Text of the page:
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Higher Education Reauthorization key to prepare workforce for monumental challenges, Enzi says

Cheyenne man testifies about paying for college, Laramie grad discusses after school tutoring

April 28, 2005

Washington, D.C. – U.S. Senator Mike Enzi, R-Wyo., Chairman of the Senate Health, Education, Labor and Pensions Committee (HELP Committee) today said Congress should renew the “Higher Education Act” this year as part of a comprehensive approach to provide the education and training the nation needs to face monumental changes occurring in the workforce.

“Congress has an important opportunity to meet the coming challenges to the nation’s workforce head on with the reauthorization of the ‘Higher Education Act,’” Enzi said during a hearing Thursday.

“When the workforce changes, so do the needs of college students,” he added. “As a result, higher education in America is now in the middle of a revolution and the need for employees with a postsecondary education is growing at a faster rate than ever. It only makes sense then that the need to provide broad access and strong accountability with respect to higher education has never been greater.”

Today’s hearing was held to identify potential changes the HELP Committee will offer in its reauthorization bill later this year. Ensuring that more students will be able to attend postsecondary education and that they leave those programs with a certificate or degree prepared for future success, will be a key priority.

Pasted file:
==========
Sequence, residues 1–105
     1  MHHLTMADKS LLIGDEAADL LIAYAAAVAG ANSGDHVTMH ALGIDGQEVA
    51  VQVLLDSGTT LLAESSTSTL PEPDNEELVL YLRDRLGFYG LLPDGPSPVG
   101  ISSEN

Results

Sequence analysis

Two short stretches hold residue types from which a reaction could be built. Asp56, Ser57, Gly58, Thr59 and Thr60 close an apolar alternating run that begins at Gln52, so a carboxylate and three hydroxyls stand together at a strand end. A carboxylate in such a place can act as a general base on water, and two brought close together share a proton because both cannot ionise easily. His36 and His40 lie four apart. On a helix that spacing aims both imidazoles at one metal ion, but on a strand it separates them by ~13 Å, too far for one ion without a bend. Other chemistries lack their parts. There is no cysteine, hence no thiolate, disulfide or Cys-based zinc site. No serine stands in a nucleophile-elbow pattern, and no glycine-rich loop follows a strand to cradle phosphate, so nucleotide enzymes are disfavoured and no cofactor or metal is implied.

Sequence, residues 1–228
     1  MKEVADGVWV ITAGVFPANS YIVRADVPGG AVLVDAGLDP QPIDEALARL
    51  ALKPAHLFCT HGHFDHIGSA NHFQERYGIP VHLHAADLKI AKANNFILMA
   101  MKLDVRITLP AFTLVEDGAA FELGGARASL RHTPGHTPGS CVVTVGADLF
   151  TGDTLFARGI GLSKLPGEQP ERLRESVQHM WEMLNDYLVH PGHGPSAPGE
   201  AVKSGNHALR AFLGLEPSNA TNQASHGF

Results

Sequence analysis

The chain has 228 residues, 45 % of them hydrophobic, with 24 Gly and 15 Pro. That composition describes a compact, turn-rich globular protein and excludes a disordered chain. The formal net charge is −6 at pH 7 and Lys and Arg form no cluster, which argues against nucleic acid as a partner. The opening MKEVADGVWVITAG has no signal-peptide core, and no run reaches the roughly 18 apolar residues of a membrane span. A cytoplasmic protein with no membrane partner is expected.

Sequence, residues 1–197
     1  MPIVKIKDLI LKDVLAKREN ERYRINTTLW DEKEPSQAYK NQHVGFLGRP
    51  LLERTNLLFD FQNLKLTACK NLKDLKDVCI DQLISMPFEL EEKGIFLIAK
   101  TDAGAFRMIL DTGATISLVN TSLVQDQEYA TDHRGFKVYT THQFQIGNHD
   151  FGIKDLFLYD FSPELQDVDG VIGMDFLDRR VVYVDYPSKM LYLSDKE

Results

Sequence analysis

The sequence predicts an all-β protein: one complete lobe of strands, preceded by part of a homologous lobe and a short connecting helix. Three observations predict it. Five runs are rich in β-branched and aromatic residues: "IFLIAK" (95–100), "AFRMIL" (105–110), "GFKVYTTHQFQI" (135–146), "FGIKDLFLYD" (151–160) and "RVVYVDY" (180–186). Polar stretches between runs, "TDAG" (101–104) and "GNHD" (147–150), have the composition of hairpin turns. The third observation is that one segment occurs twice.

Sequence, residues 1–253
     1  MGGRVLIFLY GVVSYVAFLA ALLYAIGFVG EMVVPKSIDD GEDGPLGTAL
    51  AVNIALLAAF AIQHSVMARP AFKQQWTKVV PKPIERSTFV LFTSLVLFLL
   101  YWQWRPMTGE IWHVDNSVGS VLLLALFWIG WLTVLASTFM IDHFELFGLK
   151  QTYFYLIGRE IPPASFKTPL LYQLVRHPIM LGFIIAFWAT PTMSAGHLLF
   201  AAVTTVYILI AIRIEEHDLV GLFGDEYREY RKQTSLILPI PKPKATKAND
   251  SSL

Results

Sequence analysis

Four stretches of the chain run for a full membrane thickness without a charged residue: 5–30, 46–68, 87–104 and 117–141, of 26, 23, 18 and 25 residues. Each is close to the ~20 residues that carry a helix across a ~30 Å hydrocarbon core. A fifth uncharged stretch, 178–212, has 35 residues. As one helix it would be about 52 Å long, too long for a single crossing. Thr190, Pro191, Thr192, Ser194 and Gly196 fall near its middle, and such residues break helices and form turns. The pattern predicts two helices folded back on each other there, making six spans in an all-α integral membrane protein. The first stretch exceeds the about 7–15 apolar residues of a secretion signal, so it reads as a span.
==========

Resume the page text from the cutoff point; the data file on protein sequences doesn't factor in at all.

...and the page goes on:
It is estimated that by 2015, three quarters of all workers will have some postsecondary education or training. However, by 2020, the nation will need 14 million more skilled workers than currently can be provided.

Enzi maintained that renewal of the “Higher Education Act” will help effectively coordinate a range of programs, such as the “Workforce Investment Act,” the “Perkins Career and Technical Education Act,” and other federal education and training initiatives, to ensure that America remains competitive for years to come.

“Congress must also consider changes to the law that will help today’s students attend and succeed in college, such as permitting greater access to distance education, ensuring that students have reliable information about the cost of attending college, and that schools are partners with businesses in supporting a strong American economy,” Enzi said.

“The availability of seamless lifelong education opportunities is critical for our long-term competitiveness,” he added. “In this global economy, learning is never over. School is never out.”

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